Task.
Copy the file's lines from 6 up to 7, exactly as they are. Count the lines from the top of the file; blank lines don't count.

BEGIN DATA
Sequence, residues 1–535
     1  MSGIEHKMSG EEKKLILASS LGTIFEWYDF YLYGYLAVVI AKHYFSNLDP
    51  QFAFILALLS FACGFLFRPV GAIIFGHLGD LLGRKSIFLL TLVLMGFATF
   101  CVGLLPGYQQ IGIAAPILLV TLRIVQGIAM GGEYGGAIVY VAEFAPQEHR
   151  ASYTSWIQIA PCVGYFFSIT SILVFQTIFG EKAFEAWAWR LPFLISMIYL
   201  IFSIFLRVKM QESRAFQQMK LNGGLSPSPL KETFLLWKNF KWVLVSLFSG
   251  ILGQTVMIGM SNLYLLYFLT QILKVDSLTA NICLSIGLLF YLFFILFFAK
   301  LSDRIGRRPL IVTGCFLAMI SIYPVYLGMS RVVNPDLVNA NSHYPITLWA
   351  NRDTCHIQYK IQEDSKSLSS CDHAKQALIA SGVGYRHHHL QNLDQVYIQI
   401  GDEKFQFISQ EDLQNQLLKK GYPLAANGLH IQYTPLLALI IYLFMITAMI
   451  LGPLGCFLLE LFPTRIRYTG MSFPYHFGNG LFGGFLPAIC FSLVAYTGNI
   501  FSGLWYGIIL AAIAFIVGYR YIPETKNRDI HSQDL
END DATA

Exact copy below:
   201  IFSIFLRVKM QESRAFQQMK LNGGLSPSPL KETFLLWKNF KWVLVSLFSG
   251  ILGQTVMIGM SNLYLLYFLT QILKVDSLTA NICLSIGLLF YLFFILFFAK